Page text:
is the main theme when involved with a psychopath. They are the embodiment of duplicity, contradiction, and confusion. The whole charade exists under the shadow of doubt. Doubt permeates it like a thick fog blanketing a city. It seeps through the tiniest cracks, and nothing can make it lift other than the clear and revealing light of truth.
You had doubts about them, but they made you doubt those doubts. Their manipulation and the confusion it caused made you doubt yourself, down to the very core of your being. You questioned your own perceptions and even came to doubt your own worth. And after it was over, the doubt didn’t end. Maddening doubt about who they really were and what really happened took hold of your mind and refused to let go.
So is doubt your friend or your foe?
Doubt is your friend. Self-doubt is your foe.
“Doubt is your friend, but don’t ever doubt yourself.”
That gem of advice was given to me by a psychopath. Why? Who knows. He said there would be no victims if we remembered that and lived by it. It was tied for the best piece of advice I’ve ever gotten. What was the other? My mom telling me that actions speak louder than words. I didn’t really, truly get that until it was too late. Now I do, and I hope you do, too.
1. to be uncertain about; consider questionable or unlikely; hesitate to believe.
2. to distrust.
3. a feeling of uncertainty about the truth, reality, or nature of something.
1. lack of confidence in the reliability of one’s own thoughts, motives, personality, etc.
“Self-doubt inflicts the deepest wounds.”
― Marty Rubin
When I read that quote, I thought “Marty never met a psychopath!” But it turns out that he was right, because a psychopath’s greatest weapon is instilling self-doubt in their victim. When they do that, the deal is sealed. It enables them to get away with whatever they want to get away with, and to diminish us at the same time. As our doubts about them are struck down and pacified, our doubts about ourselves grow ever larger. They create our self-doubt and and then they nurture it.
Psychopaths are masters at making us doubt ourselves and their manipulation. This is why you suffer from cognitive dissonance when it ends, ruminating and obsessing and endlessly going back and forth in your mind without resolution. You vacillate between the truth and the illusion. You were led to doubt your own perception of events and to doubt yourself.
“Faith and doubt both are needed – not as antagonists, but working side by side to take us around the unknown curve.”
~ Lillian Smith
“Faith” means self-trust (the opposite of self-doubt). In this context, it’s the trust you have that your doubts about someone exist for a reason. Faith in yourself, which gives you faith in your doubt, can go a long way to protect you. It’s not about being mistrustful — it’s about listening to those doubts that arise, and trusting them, and not letting anyone ‘explain them away,’ blame you for them, or shame you out of them.
Your doubts exist for a reason. In a healthy relationship, it’s not usual to repeatedly question your partner’s honesty or fidelity or love or motives. It’s not usual to be consumed by anxiety and uncertainty and guilt and desperation. It’s also not usual to feel like less than you were before and to be left doubting yourself.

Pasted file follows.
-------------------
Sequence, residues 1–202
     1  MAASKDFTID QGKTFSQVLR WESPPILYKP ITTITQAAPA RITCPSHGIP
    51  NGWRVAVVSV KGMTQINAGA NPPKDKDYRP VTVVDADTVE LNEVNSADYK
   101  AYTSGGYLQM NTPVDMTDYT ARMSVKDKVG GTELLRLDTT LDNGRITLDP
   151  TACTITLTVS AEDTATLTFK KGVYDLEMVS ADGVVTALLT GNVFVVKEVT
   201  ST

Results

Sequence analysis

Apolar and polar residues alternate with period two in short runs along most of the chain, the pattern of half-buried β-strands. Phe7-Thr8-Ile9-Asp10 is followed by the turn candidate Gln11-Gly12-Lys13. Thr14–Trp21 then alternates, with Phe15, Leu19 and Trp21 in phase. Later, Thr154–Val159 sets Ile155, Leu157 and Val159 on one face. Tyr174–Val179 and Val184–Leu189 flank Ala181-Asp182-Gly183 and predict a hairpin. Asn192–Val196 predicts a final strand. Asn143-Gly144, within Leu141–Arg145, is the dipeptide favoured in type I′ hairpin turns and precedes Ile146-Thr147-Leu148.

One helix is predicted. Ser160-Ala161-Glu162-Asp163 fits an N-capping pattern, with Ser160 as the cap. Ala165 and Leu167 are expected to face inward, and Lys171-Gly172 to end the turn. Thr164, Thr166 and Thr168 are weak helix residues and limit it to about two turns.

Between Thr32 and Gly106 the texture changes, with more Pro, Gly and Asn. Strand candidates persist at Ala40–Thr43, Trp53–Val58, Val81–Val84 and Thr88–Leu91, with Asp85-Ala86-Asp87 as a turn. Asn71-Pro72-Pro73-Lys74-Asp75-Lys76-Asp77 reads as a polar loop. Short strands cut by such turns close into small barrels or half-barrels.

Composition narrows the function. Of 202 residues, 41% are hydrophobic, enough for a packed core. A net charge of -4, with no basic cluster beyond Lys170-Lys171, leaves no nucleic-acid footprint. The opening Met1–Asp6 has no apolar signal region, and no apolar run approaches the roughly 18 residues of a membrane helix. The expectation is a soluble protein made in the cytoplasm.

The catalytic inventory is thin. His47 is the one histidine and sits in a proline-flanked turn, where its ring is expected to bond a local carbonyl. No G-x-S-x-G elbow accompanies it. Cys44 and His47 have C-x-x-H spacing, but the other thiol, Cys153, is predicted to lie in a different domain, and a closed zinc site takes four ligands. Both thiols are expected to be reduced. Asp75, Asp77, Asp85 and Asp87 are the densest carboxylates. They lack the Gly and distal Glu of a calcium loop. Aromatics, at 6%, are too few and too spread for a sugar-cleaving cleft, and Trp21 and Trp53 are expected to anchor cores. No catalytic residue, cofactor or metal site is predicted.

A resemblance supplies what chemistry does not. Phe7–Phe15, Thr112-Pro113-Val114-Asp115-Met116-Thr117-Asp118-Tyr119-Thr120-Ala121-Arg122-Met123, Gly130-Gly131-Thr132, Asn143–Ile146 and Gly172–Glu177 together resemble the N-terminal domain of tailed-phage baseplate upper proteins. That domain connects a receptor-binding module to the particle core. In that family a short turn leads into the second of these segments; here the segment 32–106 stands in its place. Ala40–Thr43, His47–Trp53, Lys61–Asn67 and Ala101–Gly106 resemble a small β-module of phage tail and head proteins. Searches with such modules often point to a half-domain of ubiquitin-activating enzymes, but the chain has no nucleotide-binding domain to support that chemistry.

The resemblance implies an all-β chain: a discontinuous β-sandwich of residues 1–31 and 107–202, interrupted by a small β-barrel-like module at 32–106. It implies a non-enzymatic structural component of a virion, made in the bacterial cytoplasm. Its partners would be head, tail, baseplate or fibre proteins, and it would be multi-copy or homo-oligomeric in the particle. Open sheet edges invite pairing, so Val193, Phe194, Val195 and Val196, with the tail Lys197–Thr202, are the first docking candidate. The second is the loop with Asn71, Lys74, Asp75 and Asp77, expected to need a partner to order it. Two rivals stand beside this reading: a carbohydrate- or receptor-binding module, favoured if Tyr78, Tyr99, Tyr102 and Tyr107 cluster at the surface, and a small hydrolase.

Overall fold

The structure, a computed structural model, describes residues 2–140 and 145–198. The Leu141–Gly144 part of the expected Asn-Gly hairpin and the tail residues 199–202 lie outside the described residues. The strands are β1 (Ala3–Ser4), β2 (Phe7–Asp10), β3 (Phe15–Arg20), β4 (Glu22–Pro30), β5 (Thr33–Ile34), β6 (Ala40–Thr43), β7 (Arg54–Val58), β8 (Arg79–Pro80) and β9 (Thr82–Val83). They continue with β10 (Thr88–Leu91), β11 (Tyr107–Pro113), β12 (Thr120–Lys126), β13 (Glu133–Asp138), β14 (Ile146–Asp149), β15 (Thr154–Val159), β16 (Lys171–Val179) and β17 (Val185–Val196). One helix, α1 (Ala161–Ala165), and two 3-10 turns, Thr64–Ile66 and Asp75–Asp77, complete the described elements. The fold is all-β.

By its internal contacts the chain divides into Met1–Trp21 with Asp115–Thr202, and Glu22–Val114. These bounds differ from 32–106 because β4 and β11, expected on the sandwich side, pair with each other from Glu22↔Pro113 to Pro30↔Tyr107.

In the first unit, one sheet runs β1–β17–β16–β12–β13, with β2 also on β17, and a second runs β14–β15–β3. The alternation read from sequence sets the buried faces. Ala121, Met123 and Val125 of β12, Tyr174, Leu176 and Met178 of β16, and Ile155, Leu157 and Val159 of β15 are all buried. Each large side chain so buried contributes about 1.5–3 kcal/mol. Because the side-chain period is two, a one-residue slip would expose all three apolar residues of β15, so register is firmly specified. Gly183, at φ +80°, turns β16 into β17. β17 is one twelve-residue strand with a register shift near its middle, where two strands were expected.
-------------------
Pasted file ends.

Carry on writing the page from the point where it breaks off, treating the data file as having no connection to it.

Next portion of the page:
A healthy relationship thrives on trust and consistency and a mutual desire to have it endure. It was in your nature to work through problems and to forgive. Don’t fault yourself for this. These are the best traits to have in a healthy relationship with a healthy person. Unfortunately, they were exploited in a relationship with a manipulator.
Doubt is painful and unwelcome because we don’t want to give up our treasured belief in someone. This makes it easier for that someone to silence us and our doubts. But doubt is persistent when it’s warranted, and it soon returns. Gaslighting, lying, and the silent treatment don’t resolve doubt; they only silence the doubter, temporarily, while making the doubt grow ever larger deep beneath the surface.
In order to hold on to our treasured beliefs, we accept when doubt is turned on ourselves instead of the one who deserves it. That self-doubt keeps hope alive, but it kills us in the process.
Your task now is to separate truth from lies, and to trust yourself in the process of doing so. There is no reason for you not to trust yourself. You know how hard your tried to save the relationship from coming to an end. And you know that when you tried, you repeatedly came up against someone who had no compassion, and no understanding, and who would not take responsibility for anything.
The simple fact that you have so much doubt points to the truth.
“Cherish your doubts, for doubt is the attendant of truth.
Doubt is the key to the door of knowledge; it is the servant of discovery.
A belief which may not be questioned binds us to error, for there is incompleteness and imperfection in every belief.
Doubt is the touchstone of truth; it is an acid which eats away the false.
Let no one fear for the truth, that doubt may consume it; for doubt is a testing of belief.
The truth stands boldly and unafraid; it is not shaken by the testing;
For truth, if it be truth, arises from each testing stronger, more secure.
Those that would silence doubt are filled with fear; their houses are built on shifting sands.
But those who fear not doubt, and know its use, are founded on rock.
They shall walk in the light of growing knowledge; the work of their hands shall endure.
Therefore let us not fear doubt, but let us rejoice in its help:
It is to the wise as a staff to the blind;
Doubt is the attendant of truth.”
~ Robert Weston, a Unitarian Universalist minister
Doubt is the attendant of truth.
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